An extreme hail storm hit my beloved city of Florence on Friday, causing several museums to shut down while damage is assessed. It is estimated that there is overall damage of one and a half million euros.
There has been damage to some of the stained glass windows, flooding of some museum rooms, and damage to some of the trees and plants in the Boboli Gardens (the gardens that are adjacent to the old Medici Palace.)
I put this post up to talk a bit about how precious the art heritage is in Florence and throughout Italy and the world, and how easily it can be lost or destroyed.
This is by far not the first, nor the worst, damage that Mother Nature has wrought upon the beauty that is Florence.
In 1966 there was a horrible flooding of the Arno. This taken from Wikipedia:
“The 1966 Flood of the Arno River in Florence killed many people and damaged or destroyed millions of masterpieces of art and rare books. It is considered the worst flood in the city’s history since 1557. With the combined effort of Italian citizens and foreign donors and committees, or angeli del fango (“Mud Angels”), many of these fine works have been restored. New methods in conservation were devised and restoration laboratories established. However, even decades later, much work remains to be done.
5,000 families were left homeless by the storm, and 6,000 stores were forced out of business. Approximately 600,000 tons of mud, rubble and sewage severely damaged or destroyed numerous collections of the written work and fine art for which Florence is famous. In fact, it is estimated that between 3 and 4 million books/manuscripts were damaged, as well as 14,000 movable works of art.”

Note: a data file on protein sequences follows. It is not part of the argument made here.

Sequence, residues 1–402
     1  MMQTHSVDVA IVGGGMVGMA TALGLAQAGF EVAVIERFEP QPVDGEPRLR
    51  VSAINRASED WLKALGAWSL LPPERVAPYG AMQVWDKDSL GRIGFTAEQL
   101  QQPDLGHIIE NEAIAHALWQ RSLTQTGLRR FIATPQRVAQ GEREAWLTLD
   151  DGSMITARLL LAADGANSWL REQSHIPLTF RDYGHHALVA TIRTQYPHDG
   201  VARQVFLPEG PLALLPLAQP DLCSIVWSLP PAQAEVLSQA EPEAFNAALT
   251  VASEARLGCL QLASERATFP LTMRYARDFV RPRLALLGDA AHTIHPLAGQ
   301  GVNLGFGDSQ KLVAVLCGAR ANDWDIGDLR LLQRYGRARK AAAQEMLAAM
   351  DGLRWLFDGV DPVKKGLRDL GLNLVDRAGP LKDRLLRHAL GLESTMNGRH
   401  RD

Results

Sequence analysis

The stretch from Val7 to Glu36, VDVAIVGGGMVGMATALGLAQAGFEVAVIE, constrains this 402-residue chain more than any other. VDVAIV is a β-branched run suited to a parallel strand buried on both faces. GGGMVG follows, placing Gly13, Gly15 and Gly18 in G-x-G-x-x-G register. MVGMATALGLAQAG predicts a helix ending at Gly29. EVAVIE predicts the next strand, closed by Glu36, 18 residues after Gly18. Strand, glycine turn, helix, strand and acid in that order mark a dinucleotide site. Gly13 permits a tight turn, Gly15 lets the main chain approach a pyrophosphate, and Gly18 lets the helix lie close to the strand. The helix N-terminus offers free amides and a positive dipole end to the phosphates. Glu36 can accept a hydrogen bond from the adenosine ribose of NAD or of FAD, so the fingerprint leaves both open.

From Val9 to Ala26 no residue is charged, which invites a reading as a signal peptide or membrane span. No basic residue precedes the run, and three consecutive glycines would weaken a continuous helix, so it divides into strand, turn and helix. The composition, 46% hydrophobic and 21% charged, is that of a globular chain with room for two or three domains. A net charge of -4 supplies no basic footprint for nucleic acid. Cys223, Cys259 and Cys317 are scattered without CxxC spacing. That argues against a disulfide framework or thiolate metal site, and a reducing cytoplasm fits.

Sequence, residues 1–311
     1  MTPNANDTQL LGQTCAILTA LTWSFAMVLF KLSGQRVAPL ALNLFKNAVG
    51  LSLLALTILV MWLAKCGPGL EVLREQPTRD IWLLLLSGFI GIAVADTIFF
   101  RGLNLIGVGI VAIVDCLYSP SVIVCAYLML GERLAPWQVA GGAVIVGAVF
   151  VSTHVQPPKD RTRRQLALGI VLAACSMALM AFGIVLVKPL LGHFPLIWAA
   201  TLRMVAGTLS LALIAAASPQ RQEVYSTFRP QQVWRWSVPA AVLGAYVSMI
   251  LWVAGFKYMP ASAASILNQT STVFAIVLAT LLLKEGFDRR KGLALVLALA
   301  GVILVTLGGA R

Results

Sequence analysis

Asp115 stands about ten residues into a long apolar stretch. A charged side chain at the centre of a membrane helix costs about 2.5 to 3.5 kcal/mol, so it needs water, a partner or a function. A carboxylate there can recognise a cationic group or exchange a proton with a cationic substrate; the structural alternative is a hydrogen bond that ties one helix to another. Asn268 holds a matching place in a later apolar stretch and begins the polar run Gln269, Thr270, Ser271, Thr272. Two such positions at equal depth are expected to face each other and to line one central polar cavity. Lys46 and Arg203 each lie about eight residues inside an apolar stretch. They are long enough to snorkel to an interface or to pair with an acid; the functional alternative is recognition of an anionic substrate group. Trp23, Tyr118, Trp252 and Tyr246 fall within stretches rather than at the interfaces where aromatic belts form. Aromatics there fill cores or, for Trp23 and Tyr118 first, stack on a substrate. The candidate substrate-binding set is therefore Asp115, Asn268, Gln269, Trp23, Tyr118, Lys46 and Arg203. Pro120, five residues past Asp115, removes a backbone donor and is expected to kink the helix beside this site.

I have seen in particular a beautiful crucifix from the 13th century by an artist named Cimabue, which was severely damaged by the 1966 flood.
What was once a magnificent work of art is now heavily damaged by the flood of November 1966. Housed in Santa Croce in Florence, the flood waters had risen higher than twenty feet, ripping most of the paint off of the over 700 year old Christ figure. The figure is so beautiful and yet so heartbreaking.
This is a photo of Cimabue’s crucifix taken before the 1966 flood:
This is a photo that I took of it after the damage:
The damage from Mother Nature is difficult enough to fathom, let alone the immense and even more senseless damage that has come from man.
At the end of the 15th century, a Dominican friar and priest named Savonarola led people of Florence to burn thousands of objects of art, clothing, books, etc. in what is known as the Bonfire of the Vanities. Much in Italy was lost to bombing in World War II and many frescoes, sculpture and architecture have been lost simply to changing tastes and “remodeling”.
My understanding of these events helps me to appreciate the art that I still am blessed to see when I am in Italy. It helps me to understand how precious it is and, like life, it can be taken from us at any moment.
Savor the beauty of both life and art!